Window Gazes and World Views: A Chapter in the Cultural History of Vision

Dartmouth Events

Window Gazes and World Views: A Chapter in the Cultural History of Vision

Daniel Jütte, Harvard Society of Fellows, presents a lecture on viewing and vision in premodern Europe from the perspective of cultural history rather than intellectual history.

Tuesday, May 12, 2015
312 Carson Hall
Intended Audience(s): Public
Categories: Lectures & Seminars

Looking out of windows—a practice that might now seem monotonous and even trivial—was one of the favorite leisure activities of premodern Europeans. This talk sets out to demonstrate that a history of gazing from the window can open, quite literally, a new window on a subject that thus far has been studied primarily from the perspective of intellectual history, and too rarely from a perspective of cultural history—namely, the history of viewing and vision. Such a history requires close attention not only to the culture of everyday life, but also to the history of architecture, as well as to social and legal history. The talk’s focus will be on the medieval and early modern period—times in which the practice of looking out the window became a particularly contested issue, and sparked larger questions about the nature of human perception as well as about religious world views.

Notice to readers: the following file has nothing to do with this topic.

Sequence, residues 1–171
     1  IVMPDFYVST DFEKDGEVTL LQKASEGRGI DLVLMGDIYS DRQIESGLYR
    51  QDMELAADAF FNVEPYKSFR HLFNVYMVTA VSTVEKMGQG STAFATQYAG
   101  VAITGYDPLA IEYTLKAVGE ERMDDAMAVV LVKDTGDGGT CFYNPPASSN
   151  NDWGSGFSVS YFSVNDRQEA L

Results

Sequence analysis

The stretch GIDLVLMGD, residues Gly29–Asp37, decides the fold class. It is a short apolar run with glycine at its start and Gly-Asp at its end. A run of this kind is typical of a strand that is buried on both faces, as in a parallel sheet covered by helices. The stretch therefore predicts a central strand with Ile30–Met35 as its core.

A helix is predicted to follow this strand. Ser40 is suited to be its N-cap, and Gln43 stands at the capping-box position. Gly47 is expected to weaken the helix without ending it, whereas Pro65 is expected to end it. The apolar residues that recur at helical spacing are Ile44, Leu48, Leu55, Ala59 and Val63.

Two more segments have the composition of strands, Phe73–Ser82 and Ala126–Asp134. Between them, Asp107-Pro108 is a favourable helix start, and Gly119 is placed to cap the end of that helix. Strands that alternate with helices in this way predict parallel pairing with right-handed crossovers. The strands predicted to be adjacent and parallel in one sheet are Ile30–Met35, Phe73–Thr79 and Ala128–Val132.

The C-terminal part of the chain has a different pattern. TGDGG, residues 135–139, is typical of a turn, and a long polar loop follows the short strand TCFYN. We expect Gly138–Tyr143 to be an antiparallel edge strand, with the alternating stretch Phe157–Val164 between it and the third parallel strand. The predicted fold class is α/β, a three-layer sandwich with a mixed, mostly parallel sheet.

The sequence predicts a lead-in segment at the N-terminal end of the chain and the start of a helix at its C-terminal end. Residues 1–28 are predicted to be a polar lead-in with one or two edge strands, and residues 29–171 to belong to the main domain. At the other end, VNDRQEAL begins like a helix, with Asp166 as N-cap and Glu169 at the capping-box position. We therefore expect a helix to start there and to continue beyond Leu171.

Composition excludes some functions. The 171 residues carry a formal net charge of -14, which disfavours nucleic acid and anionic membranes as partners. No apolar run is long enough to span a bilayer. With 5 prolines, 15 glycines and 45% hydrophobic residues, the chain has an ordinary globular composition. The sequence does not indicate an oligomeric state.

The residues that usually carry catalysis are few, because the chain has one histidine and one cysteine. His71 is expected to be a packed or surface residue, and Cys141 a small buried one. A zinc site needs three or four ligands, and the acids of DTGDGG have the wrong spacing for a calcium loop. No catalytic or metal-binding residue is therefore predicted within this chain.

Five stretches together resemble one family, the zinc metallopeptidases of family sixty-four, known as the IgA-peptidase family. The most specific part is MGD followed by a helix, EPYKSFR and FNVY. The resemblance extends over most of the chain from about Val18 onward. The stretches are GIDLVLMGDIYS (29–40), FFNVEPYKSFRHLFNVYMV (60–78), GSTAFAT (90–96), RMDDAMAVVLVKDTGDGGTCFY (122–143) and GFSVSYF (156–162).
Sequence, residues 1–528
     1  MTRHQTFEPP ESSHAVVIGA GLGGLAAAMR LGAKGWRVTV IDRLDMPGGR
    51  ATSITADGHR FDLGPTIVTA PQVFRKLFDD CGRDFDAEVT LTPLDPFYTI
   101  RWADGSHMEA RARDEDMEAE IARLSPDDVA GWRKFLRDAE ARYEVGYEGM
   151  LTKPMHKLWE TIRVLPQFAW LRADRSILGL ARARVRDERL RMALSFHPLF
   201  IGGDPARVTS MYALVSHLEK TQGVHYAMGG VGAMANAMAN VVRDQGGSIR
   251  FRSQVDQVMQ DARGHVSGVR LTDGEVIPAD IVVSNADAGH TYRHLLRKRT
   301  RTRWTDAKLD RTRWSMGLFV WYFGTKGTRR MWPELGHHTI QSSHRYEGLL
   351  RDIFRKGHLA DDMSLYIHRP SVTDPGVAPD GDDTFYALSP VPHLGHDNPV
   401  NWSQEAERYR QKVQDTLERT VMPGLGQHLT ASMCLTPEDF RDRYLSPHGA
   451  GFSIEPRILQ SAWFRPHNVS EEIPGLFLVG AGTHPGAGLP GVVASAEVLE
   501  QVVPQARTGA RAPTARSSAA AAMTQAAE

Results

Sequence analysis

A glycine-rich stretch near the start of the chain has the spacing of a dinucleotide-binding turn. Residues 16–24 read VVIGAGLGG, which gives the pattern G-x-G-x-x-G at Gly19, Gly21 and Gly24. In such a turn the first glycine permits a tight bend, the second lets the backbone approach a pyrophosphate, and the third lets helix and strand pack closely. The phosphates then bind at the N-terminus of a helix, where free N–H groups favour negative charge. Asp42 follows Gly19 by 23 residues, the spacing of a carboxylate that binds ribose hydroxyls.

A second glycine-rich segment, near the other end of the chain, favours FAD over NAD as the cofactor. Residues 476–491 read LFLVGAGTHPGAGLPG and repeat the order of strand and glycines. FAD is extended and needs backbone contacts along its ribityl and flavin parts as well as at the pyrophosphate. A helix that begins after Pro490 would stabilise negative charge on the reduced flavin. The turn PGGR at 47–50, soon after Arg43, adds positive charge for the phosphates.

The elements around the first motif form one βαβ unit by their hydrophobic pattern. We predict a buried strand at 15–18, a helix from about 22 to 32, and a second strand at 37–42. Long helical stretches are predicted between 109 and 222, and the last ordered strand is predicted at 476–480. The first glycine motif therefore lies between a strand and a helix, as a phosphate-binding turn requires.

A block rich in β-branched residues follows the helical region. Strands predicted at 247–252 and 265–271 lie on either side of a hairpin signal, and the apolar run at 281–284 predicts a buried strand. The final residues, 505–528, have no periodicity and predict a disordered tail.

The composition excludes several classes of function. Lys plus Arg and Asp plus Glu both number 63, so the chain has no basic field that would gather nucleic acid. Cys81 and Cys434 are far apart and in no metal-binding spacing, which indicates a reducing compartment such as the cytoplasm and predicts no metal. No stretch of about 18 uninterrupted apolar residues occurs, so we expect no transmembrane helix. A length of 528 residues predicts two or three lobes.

Jütte is the author of  Das Zeitalter des Geheimnisses: Juden, Christen und die Ökonomie des Geheimen, 1400–1800,
which is forthcoming in English translation with Yale University Press as  The Age of Secrecy: Jews, Christians, and the Economy of Secrets, 1500-1800.  Biographical information is here:

For more information, contact:
Darrin McMahon

Events are free and open to the public unless otherwise noted.